Portuguese expert Tom Kundert explains what Tim Sherwood & Co. can expect on Thursday night...
Two weeks before the end of last season, Benfica’s fans were in dreamland. A fortnight later, though, the dream had turned into a nightmare; from being strong favourites to complete a domestic double and being in the final of a European competition for the first time in over two decades, they ended up with nothing. The nature of those defeats made it even worse. Against Porto in the championship decider, and Chelsea in the Europa League final, the Eagles twice succumbed to stoppage-time goals.
Suddenly coach Jorge Jesus's position was uncertain, despite a five-year tenure restoring Benfica, a historical giant of the European game, to a serious force. But president Luís Felipe Vieira stuck by his man, against the wishes of several other board members and the majority of supporters. The pressure increased on Jesus when a stuttering start to the season saw Benfica fall five points behind bitter northern rivals Porto, despite a significant summer outlay on new recruits.
Faith in Jesus
When the club failed to negotiate a seemingly straightforward Champions League group containing Olympiakos and Anderlecht, and thus bringing a premature end to their dream of playing the final in their own stadium, the president again resisted the temptation to sack Jesus.
What has transpired since has fully vindicated Vieira’s faith and brought the coach back into favour. Benfica have been in sensational form over the past four months - only a different kind of sensational. Not the free-scoring, high-octane, non-stop attacking machine that has characterised the team over the previous four seasons. This devoutness to the mantra of goalscoring inevitably led to vulnerability at the other end of the pitch. It seemed JJ’s legacy was to be thrills and spills all the way, with precious little to show for it in terms of major silverware. Everyone’s favourite nearly men, if you like.
But Benfica and their boss have learned from their mistakes. You no longer see swathes of red shirts tearing up the pitch for 90 minutes. The secret of Benfica’s success this season has been balance. Goals continue to flow at a healthy rate, but it is the way they defend that has underpinned their astonishing run of form. Benfica have won 21 and drawn two of their last 23 matches, and are currently on an eight-game winning streak. Most remarkably, the Lisbon giants have conceded just one goal in their last 16 matches.
Young Slovenian goalkeeper Jan Oblak, captain Luisão, his centre-back partner Ezequiel Garay and the regularly rotated set of full-backs have been rock solid. But it is the way the team defends as a unit and effortlessly controls the tempo of matches that has impressed most. Ironically, the sale of Benfica’s best player last season, holding midfielder Nemanja Matic to Chelsea in January, has played a part in bringing about the newfound equilibrium. Replacement Ljubomir Fejsa, who has little of Matic’s inventive passing ability going forward, is happy to sit back as an anchorman, constituting a reliable first line of defence in front of the back four.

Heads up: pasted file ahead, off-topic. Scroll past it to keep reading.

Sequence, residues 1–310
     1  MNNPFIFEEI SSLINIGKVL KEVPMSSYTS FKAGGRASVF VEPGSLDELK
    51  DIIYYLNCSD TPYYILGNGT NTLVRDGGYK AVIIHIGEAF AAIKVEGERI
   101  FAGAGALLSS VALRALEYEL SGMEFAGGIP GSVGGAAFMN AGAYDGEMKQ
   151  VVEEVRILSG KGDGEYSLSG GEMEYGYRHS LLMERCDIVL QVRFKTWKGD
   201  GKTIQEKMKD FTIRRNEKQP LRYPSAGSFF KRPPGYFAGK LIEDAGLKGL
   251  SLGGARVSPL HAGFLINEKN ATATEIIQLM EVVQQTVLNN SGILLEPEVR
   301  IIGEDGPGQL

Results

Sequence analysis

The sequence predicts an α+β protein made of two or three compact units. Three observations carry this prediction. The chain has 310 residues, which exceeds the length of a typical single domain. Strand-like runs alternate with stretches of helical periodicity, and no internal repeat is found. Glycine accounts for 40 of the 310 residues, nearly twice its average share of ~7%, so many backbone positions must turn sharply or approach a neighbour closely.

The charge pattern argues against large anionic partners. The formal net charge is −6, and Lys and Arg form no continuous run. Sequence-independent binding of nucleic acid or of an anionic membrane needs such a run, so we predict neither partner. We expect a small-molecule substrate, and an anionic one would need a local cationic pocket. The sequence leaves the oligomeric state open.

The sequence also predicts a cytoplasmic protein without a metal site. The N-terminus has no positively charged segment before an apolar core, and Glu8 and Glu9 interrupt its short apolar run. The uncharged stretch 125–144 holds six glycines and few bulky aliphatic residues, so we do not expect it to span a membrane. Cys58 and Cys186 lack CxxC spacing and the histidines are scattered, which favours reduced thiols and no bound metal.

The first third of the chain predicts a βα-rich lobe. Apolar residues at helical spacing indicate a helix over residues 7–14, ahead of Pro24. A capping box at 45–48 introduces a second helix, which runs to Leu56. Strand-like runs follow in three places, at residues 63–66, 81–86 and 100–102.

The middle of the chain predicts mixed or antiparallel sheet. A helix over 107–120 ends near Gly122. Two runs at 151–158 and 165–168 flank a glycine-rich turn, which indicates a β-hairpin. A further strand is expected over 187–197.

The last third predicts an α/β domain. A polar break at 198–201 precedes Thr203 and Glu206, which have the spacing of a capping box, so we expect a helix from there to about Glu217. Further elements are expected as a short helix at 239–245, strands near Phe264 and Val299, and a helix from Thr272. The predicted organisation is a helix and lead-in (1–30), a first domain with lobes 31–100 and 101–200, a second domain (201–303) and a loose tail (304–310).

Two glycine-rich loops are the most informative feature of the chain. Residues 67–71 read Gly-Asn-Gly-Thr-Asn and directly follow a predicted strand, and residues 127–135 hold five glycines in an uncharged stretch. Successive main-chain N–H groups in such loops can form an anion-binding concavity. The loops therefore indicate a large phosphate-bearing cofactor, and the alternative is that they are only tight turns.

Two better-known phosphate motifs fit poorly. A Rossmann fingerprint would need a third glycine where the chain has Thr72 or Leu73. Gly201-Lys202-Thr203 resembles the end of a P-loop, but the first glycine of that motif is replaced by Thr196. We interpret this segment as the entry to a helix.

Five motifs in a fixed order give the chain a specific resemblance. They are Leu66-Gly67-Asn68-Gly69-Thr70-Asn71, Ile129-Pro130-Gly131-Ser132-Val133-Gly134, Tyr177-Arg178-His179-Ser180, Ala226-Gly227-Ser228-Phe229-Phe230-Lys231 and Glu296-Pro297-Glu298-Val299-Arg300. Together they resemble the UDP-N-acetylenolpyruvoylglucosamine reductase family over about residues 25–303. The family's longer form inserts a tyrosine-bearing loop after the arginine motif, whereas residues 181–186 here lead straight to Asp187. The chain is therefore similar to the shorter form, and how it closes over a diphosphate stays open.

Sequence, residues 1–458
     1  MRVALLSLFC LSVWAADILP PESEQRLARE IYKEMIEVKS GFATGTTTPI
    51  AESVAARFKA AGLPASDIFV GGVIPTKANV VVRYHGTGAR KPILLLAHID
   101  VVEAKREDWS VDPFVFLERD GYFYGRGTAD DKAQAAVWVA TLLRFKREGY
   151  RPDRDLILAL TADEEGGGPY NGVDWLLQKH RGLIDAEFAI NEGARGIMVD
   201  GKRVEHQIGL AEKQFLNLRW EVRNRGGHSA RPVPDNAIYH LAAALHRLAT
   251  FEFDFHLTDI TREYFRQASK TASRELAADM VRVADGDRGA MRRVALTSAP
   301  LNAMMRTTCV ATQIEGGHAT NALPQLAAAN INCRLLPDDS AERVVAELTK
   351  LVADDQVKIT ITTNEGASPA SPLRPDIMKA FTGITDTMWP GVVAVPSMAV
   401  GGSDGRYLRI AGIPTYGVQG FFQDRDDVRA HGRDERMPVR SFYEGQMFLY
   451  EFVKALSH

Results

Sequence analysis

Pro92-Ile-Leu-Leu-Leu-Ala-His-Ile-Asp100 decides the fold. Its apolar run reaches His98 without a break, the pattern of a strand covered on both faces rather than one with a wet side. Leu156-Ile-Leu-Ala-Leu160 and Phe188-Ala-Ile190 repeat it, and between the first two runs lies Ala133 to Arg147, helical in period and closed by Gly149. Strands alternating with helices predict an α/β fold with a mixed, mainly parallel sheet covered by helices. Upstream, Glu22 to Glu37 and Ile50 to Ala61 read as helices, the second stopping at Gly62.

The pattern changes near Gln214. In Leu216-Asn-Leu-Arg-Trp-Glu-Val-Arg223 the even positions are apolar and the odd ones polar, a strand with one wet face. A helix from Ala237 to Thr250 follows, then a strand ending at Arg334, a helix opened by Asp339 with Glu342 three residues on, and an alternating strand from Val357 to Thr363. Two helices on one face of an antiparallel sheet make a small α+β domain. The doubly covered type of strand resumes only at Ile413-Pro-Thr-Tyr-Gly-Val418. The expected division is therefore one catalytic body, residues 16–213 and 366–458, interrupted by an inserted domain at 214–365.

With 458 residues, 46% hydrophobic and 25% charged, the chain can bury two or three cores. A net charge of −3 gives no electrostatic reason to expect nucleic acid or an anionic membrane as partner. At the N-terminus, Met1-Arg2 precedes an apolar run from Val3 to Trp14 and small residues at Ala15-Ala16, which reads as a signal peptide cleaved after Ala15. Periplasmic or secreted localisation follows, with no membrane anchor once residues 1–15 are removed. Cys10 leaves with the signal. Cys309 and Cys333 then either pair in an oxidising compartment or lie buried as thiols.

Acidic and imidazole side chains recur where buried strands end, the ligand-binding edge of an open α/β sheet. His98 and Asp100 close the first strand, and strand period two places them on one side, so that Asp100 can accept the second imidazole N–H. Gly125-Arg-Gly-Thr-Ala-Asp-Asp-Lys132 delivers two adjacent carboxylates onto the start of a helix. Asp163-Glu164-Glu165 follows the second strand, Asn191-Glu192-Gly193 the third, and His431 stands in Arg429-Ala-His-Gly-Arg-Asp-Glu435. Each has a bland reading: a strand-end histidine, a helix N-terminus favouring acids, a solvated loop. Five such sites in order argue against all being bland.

Likewise, the preference for Lima and Rodrigo as the starting strikers, rather than the free-scoring but less mobile Oscar Cardozo, means the team defends from the front. The energetic front two put in tireless shifts of hard running game after game, thus disrupting the opposition’s attempts to construct attacking movements.
Star quality in attack
In keeping with the club’s traditions, Benfica continue to benefit from an array of richly gifted attacking talents. Still only 19, Serbian Lazar Markovic – with a penchant for scoring wonder-goals and turning it on in the big matches – has justified the hyperbole that first suggested the club had acquired a future global star of the game. Nico Gaitán has now added consistency to his lavish skills; he and Markovic seem to be waging a private battle to score the most spectacular goal. Brazilian-born Rodrigo is scoring freely, and the joy with which he is playing exemplifies the current spirit flowing through the squad. “I’m having a great season, my best yet. I’m happy and I hope to finish it even better,” he told Benfica’s in-house TV channel yesterday.
Although Benfica go into the match on top of their game, Tottenham fans will be pleased to hear that Jesus has rotated his charges heavily in the Europa League this season. The Portuguese title has been lost to Porto in each of the last three seasons, and just last Sunday Jesus reiterated that winning the Primeira Liga was the priority. “The game against Tottenham is important, but our main aim from day one has been to win the league. I won’t be swayed from that objective and will make my team selections accordingly,” said the Benfica boss.
As such, winger Eduardo Salvio and striker Cardozo may well get a start at White Hart Lane. Despite being the two most expensive signings in Benfica’s history, injury has kept both players out for most of this season and neither are at their best. Moreover, in building the aforementioned magnificent sequence of results, Benfica have certainly not played against any team with the individual capabilities of the Premier League club.
Nevertheless, Spurs will surely have to be at the very top of their game to live with the Portuguese side aiming to take another step towards making up for last season’s trauma.
Argentine midfielder Enzo Pérez acts as the pendulum between attack and defence, combining aggression, skill and a phenomenal workrate. If he plays well – which he invariably does – Benfica play well.